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Dubrovnik

Dubrovnik (Italian Ragusa, population 50,000) is a port and tourist resort in southern Dalmatia, Croatia, on the Adriatic Sea coast.

Founded in the 7th century AD by Roman refugees, it became an important trading republic in the Middle Ages which connected Latin and Slavic worlds. From its establishment the town was under the protection of the Byzantine Empire. After the Crusades Dubrovnik came under the sovereignty of Venice (1205-1358), and by the Peace Treaty of Zadar[?] in 1358 it became part of the Hungarian-Croatian Kingdom[?]. Having been granted the entire self-government, bound to pay only a tribute to the king and providing assistance with its fleet, Dubrovnik started its life as a free state that reached its peak in the 15th and 16th centuries. In 1526 Dubrovnik acknowledged the supremacy of the Turkish Sultan (annual tribute was paid to the Sultan). A crisis of Mediterranean shipping and especially a catastrophic earthquake on the April 6, 1667. that killed over 5000 citizens, including the Rector, leveling most of the public buildings, ruined the well-being of the Republic. With great effort the Republic recovered a bit, but still remained a shadow of the former Republic.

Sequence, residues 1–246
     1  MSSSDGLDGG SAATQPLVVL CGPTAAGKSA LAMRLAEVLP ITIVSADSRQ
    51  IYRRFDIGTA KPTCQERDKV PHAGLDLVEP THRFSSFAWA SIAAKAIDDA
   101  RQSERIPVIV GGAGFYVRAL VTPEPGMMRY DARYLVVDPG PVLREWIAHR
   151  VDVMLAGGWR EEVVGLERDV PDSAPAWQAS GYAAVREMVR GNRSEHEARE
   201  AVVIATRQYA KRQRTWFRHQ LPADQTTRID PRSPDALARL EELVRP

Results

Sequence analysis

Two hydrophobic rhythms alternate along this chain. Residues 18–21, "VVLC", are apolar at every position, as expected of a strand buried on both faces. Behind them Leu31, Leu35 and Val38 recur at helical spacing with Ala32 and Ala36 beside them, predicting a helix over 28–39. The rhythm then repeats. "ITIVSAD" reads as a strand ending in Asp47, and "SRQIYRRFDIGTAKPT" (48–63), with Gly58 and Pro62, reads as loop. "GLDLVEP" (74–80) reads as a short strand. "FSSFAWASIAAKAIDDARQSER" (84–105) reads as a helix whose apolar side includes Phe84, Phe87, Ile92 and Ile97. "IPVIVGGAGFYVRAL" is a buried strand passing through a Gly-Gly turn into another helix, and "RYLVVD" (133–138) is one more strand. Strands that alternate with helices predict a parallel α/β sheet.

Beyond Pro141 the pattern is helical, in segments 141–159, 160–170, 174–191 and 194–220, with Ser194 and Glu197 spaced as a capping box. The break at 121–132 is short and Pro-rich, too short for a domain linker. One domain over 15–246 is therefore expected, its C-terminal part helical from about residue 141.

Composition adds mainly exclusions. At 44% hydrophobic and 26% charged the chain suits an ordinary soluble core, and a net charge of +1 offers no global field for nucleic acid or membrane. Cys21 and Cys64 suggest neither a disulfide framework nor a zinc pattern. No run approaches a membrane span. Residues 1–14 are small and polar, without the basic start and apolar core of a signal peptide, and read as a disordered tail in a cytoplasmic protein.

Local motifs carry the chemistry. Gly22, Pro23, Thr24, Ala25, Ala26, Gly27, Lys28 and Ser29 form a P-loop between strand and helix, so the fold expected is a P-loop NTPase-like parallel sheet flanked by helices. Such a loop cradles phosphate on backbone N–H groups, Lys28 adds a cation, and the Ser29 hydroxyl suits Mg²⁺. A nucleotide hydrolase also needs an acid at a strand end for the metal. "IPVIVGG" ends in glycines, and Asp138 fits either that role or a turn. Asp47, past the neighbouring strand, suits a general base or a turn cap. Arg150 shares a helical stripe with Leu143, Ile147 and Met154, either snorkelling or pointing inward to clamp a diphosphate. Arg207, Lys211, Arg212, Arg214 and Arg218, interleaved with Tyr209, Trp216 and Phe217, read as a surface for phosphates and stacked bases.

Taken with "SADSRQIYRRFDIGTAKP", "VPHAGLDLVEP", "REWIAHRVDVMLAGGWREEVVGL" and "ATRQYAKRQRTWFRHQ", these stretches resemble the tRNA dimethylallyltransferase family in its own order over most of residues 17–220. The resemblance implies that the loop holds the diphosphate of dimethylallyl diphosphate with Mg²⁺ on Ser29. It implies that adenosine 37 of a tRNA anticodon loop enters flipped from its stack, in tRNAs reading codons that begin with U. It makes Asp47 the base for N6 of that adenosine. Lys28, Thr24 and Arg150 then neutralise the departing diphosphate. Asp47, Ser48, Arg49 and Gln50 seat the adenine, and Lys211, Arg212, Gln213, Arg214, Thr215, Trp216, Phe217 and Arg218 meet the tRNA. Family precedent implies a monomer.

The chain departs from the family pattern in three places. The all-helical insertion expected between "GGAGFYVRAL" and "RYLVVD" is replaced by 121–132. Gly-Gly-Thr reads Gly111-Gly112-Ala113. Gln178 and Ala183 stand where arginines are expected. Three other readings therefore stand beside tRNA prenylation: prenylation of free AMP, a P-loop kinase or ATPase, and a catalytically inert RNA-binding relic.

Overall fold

In 1806, Dubrovnik surrendered to French forces, as that was the only way to cut a month's long siege by the Russian-Montenegrin fleets (during which 3000 cannon balls fell on the city). The French lifted the Russian-Montenegrin fleets and saved Dubrovnik for the time being. The French army, led by Napoleon, entered Dubrovnik in 1806. In 1808 Marshal Marmot abolished the Dubrovnik Republic (the name was in use from the 15th century). In 1815., by the resolution of Congress of Vienna, Dubrovnik was annexed to Austria (later Austria-Hungary), and remained annexed until 1918. when it became part of the Kingdom of Serbs, Croats and Slovenes (Yugoslavia from 1929). At the very beginning of the World War II Dubrovnik was first part of the Independent State of Croatia. From April 1941 until September 1943 Dubrovnik was occupied by the Italian army and after that it was occupied by Germans. In October 1944 Partisans liberated Dubrovnik from the Germans. In 1945 Dubrovnik became part of the Federative People's Republic of Yugoslavia (FNRJ). During the war following Croatia's independence declaration in 1991 the city was attacked and under siege from October 1991 until May 1992. The old city was shelled on the December 6 1991 and some acient buildings suffered damage, which has since been repaired.



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